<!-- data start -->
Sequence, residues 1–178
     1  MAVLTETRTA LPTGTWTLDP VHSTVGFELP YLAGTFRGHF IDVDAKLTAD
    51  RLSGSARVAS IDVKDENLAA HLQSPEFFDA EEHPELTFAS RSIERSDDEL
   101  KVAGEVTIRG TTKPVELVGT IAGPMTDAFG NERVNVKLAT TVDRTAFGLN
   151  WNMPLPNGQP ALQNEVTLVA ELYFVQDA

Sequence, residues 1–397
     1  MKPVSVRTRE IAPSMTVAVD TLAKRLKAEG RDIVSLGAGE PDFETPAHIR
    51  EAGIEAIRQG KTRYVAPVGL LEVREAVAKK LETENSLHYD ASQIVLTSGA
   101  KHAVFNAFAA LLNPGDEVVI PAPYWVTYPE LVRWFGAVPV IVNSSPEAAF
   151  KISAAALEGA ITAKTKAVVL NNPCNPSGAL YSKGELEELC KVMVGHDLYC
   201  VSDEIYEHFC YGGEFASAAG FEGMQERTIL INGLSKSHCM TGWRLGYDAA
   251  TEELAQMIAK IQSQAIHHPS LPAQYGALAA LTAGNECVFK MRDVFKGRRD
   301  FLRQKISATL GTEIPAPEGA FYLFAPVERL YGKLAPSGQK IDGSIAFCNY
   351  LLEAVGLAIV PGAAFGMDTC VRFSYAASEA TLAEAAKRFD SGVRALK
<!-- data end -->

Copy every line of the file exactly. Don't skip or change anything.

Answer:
Sequence, residues 1–178
     1  MAVLTETRTA LPTGTWTLDP VHSTVGFELP YLAGTFRGHF IDVDAKLTAD
    51  RLSGSARVAS IDVKDENLAA HLQSPEFFDA EEHPELTFAS RSIERSDDEL
   101  KVAGEVTIRG TTKPVELVGT IAGPMTDAFG NERVNVKLAT TVDRTAFGLN
   151  WNMPLPNGQP ALQNEVTLVA ELYFVQDA

Sequence, residues 1–397
     1  MKPVSVRTRE IAPSMTVAVD TLAKRLKAEG RDIVSLGAGE PDFETPAHIR
    51  EAGIEAIRQG KTRYVAPVGL LEVREAVAKK LETENSLHYD ASQIVLTSGA
   101  KHAVFNAFAA LLNPGDEVVI PAPYWVTYPE LVRWFGAVPV IVNSSPEAAF
   151  KISAAALEGA ITAKTKAVVL NNPCNPSGAL YSKGELEELC KVMVGHDLYC
   201  VSDEIYEHFC YGGEFASAAG FEGMQERTIL INGLSKSHCM TGWRLGYDAA
   251  TEELAQMIAK IQSQAIHHPS LPAQYGALAA LTAGNECVFK MRDVFKGRRD
   301  FLRQKISATL GTEIPAPEGA FYLFAPVERL YGKLAPSGQK IDGSIAFCNY
   351  LLEAVGLAIV PGAAFGMDTC VRFSYAASEA TLAEAAKRFD SGVRALK